Since 1987, the National Council on Alcoholism and Drug Dependence (NADD) has designated April as Alcohol Awareness Month. The purpose is to increase the public’s understanding about how alcoholism affects individuals, families, workplaces and communities across the country. This year’s theme is devoted to highlighting a topic that we focus on a lot in our articles, the importance of early education and the consequences of underage drinking. The reason why this is such a hot topic is because according to the CDC, alcohol is directly responsible for more than 4,300 deaths among those under the age of 21 per year. Research show that the younger a person starts to drink, the higher the chances of becoming addicted to alcohol as an adult. This translates to making alcohol the 3rd highest cause of death in the U.S. with about 80,000 deaths per year.
According to NCADD, about 7,000 adolescents per year who are under the age of 16 take their first drink. Some do it with their parents consent while others are exposed by their peers. This Alcohol Awareness Month 2015 is dedicated to increasing public and parent awareness to the negative aspects of condoning this behavior. Once you become parents of a teenager you might decide that it’s better to have your child and his or her friends drink with you when you can monitor the situation than when they are driving out and about. However, this only creates more problems because it gives the kids the message that it’s okay to drink and it puts the other parents in the uncomfortable position of looking unfair and not understanding.
So, if you need some ammunition as to why you should stand your ground with your teens and say no to underage drinking, here you go:
1. Alcohol related accidents. According to NCAAD, 100,000 persons die each year from alcohol-related causes like drinking and driving crashes, falls, fires, alcohol poisoning, and alcohol-related homicides and suicides. From 2006 – 2010 New Mexico had the highest number of alcohol related deaths per capita of the 50 states, North Carolina was in the middle and New Jersey was the lowest.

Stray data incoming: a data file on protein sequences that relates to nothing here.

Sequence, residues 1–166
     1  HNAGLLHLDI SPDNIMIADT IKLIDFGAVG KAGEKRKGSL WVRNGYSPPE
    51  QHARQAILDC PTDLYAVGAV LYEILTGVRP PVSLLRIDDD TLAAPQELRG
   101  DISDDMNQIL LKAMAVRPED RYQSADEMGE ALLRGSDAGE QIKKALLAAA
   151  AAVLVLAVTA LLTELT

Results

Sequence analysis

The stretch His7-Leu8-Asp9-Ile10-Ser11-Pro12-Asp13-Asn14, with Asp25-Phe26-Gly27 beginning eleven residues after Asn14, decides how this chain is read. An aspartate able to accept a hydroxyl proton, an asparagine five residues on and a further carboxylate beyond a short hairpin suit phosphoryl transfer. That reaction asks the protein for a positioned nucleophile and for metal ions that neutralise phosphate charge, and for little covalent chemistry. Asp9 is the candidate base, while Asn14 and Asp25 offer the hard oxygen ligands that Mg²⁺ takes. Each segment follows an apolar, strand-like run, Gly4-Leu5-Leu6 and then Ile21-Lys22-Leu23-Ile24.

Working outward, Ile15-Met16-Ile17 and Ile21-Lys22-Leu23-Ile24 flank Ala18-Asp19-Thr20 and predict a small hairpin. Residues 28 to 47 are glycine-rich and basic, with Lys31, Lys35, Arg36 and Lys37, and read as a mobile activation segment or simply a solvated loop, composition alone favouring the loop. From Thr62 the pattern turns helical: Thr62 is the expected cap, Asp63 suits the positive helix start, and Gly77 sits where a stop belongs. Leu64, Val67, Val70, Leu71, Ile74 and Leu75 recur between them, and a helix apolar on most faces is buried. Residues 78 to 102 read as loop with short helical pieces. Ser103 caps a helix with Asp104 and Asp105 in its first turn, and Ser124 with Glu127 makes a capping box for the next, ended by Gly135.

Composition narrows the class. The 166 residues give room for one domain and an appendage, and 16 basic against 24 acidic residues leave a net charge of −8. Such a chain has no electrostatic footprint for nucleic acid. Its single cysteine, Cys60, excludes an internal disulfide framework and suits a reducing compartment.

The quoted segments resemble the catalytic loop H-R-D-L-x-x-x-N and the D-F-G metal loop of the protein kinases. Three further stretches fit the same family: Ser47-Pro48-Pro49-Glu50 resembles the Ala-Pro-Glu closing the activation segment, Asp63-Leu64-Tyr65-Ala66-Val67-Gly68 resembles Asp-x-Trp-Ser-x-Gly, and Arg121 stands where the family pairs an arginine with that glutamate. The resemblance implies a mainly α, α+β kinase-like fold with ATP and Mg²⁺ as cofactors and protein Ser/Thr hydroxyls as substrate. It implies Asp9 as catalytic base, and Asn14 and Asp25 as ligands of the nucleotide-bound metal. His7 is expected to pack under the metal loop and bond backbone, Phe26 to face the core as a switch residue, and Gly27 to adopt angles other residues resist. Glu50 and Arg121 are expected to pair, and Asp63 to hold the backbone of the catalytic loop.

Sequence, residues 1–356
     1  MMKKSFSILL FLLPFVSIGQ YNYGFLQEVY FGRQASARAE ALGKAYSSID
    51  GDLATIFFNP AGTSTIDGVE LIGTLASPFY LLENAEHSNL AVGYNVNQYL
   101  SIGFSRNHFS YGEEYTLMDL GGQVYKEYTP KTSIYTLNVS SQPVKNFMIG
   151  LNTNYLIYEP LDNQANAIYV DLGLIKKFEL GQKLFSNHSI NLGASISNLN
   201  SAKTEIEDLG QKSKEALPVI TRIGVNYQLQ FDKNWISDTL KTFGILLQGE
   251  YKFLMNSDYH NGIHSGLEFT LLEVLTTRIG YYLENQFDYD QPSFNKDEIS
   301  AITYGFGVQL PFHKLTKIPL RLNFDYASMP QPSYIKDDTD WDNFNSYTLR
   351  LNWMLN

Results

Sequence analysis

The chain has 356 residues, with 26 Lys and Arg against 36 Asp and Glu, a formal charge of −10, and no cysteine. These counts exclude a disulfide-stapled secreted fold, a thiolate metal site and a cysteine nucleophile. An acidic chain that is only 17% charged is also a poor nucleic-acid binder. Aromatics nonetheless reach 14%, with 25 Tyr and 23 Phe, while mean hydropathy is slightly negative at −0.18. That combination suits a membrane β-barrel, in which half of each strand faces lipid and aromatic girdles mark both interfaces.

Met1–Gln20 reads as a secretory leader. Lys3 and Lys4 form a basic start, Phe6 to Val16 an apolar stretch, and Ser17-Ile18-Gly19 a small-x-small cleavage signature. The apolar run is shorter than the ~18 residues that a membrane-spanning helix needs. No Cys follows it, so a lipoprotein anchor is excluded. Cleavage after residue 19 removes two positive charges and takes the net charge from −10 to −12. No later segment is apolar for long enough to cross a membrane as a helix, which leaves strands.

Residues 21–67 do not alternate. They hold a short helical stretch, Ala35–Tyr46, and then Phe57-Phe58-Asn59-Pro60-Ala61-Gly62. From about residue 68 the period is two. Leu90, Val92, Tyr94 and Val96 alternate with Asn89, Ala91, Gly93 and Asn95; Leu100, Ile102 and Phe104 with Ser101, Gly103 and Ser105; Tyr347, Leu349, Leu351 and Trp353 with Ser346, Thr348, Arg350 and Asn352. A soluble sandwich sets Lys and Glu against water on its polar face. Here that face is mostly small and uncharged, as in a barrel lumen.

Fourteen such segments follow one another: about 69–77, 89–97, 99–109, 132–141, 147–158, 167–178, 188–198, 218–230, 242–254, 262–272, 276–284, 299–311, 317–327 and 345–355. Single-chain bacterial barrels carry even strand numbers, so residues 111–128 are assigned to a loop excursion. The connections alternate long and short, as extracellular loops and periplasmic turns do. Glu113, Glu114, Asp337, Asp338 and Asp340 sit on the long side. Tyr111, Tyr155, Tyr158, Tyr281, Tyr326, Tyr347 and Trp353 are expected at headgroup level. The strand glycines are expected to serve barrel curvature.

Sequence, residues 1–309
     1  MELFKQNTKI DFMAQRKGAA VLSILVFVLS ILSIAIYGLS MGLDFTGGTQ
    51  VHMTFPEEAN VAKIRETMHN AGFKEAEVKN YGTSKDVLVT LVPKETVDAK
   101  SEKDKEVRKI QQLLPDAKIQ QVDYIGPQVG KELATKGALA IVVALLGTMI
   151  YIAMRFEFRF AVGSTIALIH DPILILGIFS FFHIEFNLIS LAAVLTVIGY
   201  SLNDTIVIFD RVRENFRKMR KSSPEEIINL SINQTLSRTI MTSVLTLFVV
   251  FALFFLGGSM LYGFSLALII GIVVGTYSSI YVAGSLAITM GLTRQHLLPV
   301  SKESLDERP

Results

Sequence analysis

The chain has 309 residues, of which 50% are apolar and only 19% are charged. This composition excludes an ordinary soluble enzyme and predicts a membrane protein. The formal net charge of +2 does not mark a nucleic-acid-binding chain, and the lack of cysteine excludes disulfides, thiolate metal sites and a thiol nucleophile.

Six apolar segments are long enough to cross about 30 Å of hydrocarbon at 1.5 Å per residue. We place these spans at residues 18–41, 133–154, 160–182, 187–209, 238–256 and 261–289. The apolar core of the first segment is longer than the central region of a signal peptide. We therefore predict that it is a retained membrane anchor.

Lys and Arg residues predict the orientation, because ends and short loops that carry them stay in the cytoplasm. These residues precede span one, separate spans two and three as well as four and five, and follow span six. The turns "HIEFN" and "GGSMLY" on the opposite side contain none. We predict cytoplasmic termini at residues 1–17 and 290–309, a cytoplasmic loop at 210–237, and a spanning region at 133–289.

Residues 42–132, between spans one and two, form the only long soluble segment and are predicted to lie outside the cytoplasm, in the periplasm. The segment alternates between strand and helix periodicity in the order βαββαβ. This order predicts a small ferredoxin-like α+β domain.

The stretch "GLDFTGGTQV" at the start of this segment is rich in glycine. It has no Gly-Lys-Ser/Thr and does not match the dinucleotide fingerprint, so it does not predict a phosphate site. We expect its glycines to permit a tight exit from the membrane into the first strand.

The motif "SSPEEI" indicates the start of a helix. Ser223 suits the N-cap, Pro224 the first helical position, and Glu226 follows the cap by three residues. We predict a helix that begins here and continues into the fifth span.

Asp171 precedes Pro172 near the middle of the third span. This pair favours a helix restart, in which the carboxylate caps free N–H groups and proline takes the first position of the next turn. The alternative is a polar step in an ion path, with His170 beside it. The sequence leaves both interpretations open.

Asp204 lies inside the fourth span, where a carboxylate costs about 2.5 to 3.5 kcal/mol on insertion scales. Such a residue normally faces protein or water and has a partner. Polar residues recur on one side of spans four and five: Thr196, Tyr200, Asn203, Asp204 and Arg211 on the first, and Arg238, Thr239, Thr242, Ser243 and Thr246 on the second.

2. Increases problems in school. Kids who drink generally have lower test scores, trouble concentrating, a lack of participation in classroom and school related activities and a higher rate of absence due to hangovers and exhaustion.
3. Higher risk for depression resulting in suicide and aggressive behavior resulting in homicide.
4. Changes in the way the brain functions. The longer the abuse, the more the individual will crave alcohol to feel “normal”.
5. Overall lack of motivation. The child that once desired to go to college might start talking about dropping out of high school. The youth might lose interest in sports, dance, or other extra-curricular activities that they once excelled at. Ambition to be successful takes a back seat.
April’s Alcohol Awareness month really speaks to parents to have the courage to set rules and boundaries for your child’s safety and future. Trying to be the “cool” parents who allow their teens to drink alcohol establishes a permissive environment that you will most likely regret in the end.